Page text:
TAMPA, Fla. — Davis Celestine and Steven Lewis both suffered spinal cord injuries while serving in the Navy and Army, respectively. But adversity hasn't slowed their competitive spirit. Both veterans started training and competing in adaptive sports. They're not only winning, they're excelling. The pair combined for five medals (four gold, one bronze) at the National Veterans Wheelchair Games held July 7 through 12 in Tempe, Ariz.
The list of events for this duo included weightlifting, bocce, bowling, table tennis, shot put, discus, javelin, softball, a slalom obstacle course, and rugby.
"We accommodate and we overcome," Celestine said with a grin. "We have a lot of over achievers in the Wheelchair Games. We make it happen."
Lewis, 54, said he had to make a choice when he chose how to adjust to life in a wheelchair. He chose a path that literally led to gold.
"I can be disabled and mad, or I can be disabled and happy," Lewis said. "So I might as well go the happy route. As soon as I did that, as a soon as that happened, well, what’s next?"
What's next was training and competing with and against athletes who know what it's like to fight through obstacles. Wheelchair rugby is one adaptive sport that's gaining popularity. Lewis said it's just another way for competitors to test themselves, especially for those who are new to the sport.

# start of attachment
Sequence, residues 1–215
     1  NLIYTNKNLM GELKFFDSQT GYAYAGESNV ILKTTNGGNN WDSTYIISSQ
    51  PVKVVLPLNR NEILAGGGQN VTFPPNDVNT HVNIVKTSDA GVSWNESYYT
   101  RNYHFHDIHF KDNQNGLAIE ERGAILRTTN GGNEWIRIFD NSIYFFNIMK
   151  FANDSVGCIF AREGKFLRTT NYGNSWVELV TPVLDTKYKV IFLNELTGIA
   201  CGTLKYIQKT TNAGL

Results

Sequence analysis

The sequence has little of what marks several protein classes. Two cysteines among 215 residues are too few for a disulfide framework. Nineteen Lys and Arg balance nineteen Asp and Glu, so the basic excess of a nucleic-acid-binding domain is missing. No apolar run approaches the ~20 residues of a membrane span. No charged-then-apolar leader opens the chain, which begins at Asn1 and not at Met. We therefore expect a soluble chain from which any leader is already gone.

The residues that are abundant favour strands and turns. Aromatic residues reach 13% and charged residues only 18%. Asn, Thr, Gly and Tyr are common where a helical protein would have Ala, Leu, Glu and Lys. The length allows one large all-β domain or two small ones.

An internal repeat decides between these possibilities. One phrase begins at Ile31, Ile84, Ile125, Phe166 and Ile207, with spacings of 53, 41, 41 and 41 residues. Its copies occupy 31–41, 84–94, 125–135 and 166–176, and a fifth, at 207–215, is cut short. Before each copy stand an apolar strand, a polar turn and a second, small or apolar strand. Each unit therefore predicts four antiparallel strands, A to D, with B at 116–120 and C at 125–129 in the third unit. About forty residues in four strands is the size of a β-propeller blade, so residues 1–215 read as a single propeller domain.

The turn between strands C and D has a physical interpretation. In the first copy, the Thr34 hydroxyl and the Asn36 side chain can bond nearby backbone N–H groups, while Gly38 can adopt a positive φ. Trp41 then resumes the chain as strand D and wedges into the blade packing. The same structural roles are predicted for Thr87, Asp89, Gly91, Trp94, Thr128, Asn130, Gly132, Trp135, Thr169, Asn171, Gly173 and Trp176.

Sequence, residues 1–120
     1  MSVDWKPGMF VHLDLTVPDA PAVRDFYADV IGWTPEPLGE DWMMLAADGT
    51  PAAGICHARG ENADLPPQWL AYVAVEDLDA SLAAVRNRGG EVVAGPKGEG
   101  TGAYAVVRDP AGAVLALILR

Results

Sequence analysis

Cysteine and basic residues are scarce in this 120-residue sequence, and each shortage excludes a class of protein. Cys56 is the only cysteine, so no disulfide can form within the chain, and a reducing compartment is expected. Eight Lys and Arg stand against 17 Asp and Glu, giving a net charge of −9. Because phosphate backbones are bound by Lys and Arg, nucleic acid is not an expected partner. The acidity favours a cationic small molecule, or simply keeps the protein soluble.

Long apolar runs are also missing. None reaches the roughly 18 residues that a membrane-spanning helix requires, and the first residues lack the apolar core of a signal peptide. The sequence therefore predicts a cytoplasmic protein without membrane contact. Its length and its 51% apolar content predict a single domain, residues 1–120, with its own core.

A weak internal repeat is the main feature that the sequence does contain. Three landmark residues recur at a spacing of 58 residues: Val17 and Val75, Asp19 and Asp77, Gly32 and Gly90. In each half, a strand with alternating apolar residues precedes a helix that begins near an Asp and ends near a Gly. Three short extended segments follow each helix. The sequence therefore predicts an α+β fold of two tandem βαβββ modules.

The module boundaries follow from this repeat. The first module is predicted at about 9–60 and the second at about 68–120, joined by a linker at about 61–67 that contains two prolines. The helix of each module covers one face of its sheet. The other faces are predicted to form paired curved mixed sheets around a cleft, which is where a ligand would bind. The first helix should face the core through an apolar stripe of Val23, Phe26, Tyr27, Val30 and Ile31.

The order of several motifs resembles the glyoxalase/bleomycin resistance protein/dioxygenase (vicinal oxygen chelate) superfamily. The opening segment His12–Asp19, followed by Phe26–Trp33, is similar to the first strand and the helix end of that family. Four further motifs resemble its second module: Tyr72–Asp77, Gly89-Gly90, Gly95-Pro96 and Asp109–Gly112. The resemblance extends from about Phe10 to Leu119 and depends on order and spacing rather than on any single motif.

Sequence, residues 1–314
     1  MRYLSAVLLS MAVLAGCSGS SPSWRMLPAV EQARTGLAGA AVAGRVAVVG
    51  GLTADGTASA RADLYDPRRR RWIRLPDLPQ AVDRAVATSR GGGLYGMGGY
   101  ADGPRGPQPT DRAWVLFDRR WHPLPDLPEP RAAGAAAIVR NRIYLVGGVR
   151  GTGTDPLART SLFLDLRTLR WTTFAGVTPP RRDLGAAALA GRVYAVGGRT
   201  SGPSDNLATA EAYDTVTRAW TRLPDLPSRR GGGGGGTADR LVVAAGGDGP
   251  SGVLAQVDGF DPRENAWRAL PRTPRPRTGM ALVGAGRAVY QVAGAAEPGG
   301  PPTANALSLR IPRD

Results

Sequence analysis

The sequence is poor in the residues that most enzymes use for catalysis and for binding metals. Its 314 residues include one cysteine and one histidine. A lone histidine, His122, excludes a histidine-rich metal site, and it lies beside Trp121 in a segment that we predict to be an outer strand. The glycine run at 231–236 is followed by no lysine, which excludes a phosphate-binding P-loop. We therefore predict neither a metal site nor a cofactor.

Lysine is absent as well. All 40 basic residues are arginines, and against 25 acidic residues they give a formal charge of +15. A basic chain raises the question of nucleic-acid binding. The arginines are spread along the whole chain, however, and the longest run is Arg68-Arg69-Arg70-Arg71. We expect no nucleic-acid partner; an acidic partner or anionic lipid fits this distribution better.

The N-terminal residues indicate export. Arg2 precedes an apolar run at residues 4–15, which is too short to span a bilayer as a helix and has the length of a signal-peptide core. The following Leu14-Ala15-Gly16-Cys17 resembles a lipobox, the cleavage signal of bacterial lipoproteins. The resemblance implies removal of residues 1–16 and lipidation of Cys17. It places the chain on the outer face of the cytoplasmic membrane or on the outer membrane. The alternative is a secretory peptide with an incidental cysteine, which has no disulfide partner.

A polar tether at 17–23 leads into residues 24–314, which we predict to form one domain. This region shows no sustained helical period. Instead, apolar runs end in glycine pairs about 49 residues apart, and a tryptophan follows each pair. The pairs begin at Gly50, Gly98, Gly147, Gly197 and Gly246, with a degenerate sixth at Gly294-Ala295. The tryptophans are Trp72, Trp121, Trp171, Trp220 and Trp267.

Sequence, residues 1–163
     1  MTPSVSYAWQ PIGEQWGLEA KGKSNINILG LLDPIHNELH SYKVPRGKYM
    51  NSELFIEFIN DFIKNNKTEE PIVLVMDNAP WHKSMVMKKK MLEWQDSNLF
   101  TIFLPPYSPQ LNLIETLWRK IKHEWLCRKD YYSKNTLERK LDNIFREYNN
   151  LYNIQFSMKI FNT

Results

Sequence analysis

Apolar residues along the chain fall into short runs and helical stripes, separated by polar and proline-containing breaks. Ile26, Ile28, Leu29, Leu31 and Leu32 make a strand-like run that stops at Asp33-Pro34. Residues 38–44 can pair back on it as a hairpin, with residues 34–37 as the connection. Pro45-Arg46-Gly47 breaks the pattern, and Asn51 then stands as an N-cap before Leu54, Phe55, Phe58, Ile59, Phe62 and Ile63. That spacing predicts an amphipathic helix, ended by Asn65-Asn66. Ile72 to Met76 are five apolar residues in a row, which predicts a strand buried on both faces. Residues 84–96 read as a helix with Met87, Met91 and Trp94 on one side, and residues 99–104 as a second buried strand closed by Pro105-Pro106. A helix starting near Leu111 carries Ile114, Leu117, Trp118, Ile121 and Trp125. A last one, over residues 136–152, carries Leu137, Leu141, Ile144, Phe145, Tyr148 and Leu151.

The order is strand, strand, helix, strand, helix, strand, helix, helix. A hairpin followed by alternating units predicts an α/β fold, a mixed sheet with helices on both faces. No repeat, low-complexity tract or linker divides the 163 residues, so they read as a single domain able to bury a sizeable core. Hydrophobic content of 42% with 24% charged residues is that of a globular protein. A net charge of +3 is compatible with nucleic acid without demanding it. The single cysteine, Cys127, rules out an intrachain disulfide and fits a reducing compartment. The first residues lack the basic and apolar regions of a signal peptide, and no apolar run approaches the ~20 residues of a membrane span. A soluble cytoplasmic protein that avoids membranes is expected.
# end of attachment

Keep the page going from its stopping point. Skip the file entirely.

"It’s a perfect environment. They help you, and they cheer you on," he added. "Sometimes they hit you hard, but you get used to it. I don’t think you’re nervous. It’s a physical game, because you’ve watched it before on the sideline. When you’re an athlete, when you’re a competitor... getting hurt? I don’t even think that crosses your mind."
Celestine pointed out that despite the fact that these athletes are playing to win, they also want to empower their fellow veterans.
"You just try to be that individual that lends that listening ear, and just give them that support that they need," Celestine said.
"You only see them once a year. So it’s fun to see them," Lewis added. "You get to catch up when you get there. Then it’s down to business after that."
Celestine, 47, won the Spirit of the Games Award, given to the athlete who shows exceptional drive and commitment. But like a true MVP, he said it's all about the team effort.
"The whole ideal [of the Spirit of the Games Award] is someone who actually gives of themselves relentless- to others, without thinking about themselves first," Celestine said about the honor. "You just want to make sure that your partners understand that we’re making you stronger. We’re building you up so you can become a better person in life."
Lewis' smile lit up the room when talking about how all of the positive energy around these competitions makes him eager to go on to the next one.
"That makes you feel like, wait 'til next year. I’m getting better. I’m drinking my milk. That’s alright."